passenger behaviour, and decreasing occupants' mental and physical
capacities. Fire, smoke, and/or toxic fumes were identified as hazards
in 11 evacuations and were present in three of four fatal occurrences.
Thick black smoke severely restricted or totally obscured visibility
in four occurrences where a cabin fire existed. As a result,
passengers were unable to see the exits. In Cincinnati, the location
of two passengers' bodies indicated that, in their attempt to get out
of the aircraft, they had unknowingly passed an available exit.5
In the same occurrence, cabin attendants who were exposed to smoke and
toxic fumes experienced great difficulty communicating orally. As a
result, some passengers were unable to hear the emergency briefing.
A reduction in the number of available exits was recorded in nine
occurrences. Fire and smoke also blocked egress in those occurrences
where breaks in the fuselage were avenues of escape.
In three occurrences, it was found that burns and inhalation of smoke
and toxic fumes limited passengers' mental and physical abilities,
thereby obstructing or prohibiting their attempts to reach, operate,
and negotiate emergency exits or egress through breaks in the
Existing Risk Mitigation
There are several regulatory provisions which are designed to protect
aircraft occupants from the risks associated with the presence of
fire, smoke, and toxic fumes and thus increase the chances for a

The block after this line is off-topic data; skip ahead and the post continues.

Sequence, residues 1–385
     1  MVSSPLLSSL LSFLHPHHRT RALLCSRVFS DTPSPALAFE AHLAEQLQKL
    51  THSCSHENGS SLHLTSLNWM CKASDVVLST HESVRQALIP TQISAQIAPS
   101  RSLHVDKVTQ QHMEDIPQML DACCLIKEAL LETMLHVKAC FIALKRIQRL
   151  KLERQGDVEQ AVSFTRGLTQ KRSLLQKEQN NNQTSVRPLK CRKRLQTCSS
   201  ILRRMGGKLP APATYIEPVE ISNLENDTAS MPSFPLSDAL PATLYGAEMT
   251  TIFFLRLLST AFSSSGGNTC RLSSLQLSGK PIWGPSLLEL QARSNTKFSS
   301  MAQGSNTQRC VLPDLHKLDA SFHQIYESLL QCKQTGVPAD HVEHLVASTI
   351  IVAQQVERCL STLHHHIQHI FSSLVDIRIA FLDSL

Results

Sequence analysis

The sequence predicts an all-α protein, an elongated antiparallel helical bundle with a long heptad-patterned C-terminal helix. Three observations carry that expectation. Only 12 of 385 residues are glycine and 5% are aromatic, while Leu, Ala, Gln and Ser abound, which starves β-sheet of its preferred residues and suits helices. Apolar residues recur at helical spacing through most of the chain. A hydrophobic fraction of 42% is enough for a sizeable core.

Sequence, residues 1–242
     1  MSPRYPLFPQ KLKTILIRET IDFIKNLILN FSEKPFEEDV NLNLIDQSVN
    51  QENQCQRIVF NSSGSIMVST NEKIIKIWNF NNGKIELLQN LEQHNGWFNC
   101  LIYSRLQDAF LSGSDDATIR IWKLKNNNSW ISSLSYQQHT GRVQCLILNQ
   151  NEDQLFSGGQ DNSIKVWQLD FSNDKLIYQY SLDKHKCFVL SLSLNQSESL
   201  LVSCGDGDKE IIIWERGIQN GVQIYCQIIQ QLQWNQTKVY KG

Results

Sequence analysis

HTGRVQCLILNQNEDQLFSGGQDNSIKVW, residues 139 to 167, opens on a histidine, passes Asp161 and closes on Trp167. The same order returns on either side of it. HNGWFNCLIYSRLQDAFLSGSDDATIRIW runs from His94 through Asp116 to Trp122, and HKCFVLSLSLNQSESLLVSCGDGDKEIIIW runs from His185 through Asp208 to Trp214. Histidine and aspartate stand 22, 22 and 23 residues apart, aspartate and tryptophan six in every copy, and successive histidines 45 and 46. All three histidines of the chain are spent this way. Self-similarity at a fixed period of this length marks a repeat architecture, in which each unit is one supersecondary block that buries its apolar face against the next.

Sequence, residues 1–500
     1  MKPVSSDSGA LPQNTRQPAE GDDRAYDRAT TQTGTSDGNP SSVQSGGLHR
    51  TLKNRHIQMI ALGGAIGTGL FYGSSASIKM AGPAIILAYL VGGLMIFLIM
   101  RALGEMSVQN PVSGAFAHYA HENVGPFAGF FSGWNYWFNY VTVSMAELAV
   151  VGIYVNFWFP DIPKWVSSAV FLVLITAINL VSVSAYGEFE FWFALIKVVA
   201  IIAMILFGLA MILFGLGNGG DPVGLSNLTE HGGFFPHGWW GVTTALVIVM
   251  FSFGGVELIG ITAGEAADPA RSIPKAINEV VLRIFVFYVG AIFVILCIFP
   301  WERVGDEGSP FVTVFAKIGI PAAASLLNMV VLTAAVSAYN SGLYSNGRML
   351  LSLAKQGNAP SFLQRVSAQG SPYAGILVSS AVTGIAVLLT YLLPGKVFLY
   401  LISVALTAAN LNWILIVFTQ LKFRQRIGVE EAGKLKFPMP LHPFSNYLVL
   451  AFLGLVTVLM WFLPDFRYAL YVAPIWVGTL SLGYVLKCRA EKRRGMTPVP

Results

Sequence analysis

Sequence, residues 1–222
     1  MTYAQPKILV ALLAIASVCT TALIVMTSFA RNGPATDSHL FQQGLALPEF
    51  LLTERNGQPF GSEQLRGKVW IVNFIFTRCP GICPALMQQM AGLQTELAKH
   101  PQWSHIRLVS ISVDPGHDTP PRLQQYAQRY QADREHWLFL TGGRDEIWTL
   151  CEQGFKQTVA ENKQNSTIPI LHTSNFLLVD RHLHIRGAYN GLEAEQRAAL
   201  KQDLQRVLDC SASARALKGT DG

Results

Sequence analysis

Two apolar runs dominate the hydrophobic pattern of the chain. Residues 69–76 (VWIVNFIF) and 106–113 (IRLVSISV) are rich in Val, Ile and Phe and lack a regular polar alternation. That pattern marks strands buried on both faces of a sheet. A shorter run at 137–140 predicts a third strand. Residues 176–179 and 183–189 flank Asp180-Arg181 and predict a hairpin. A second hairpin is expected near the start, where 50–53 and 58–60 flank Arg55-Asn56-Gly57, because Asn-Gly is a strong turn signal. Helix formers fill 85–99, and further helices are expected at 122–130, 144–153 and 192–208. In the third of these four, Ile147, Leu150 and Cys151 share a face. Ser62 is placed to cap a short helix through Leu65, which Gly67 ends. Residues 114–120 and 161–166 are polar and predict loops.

successful evacuation. As well, the industry has developed operating
procedures to reduce or eliminate the effects of these hazards to crew
and passengers. In the light of the high risks associated with the
presence of fire and smoke as evidenced by the Canadian experience,
the Board examined two areas of risk mitigation related to fire,
smoke, and toxic fumes, namely protective breathing equipment for both
crew members and passengers, and fire hardening of aircraft interiors.
These areas were examined in the context of their potential to limit
the risks encountered during the evacuation process.
3.1 Protective Breathing Equipment
She [the flight attendant] saw light grey smoke had filled the
lavatory from the floor to the ceiling, but she saw no flames. The
flight attendant closed the door but not before she had become dizzy
from inhaling the smoke. (A83F0006)
Twenty-three passengers died from smoke and toxic fume inhalation as a
result of an in-flight fire in the rear lavatory of a DC-9. (A83F0006)
The lavatory was completely filled with smoke that severely restricted
visibility and impaired breathing. As a result, the cabin attendant
in-charge was unable to locate the source and exact nature of the fire
or to fight it effectively. In the investigation report of this
occurrence, the National Transportation Safety Board (NTSB) stated;
"... had an oxygen bottle with a full-face smoke mask been available
and used, it might have encouraged and enabled him to take immediate
and aggressive actions to fight the fire, as set forth in the company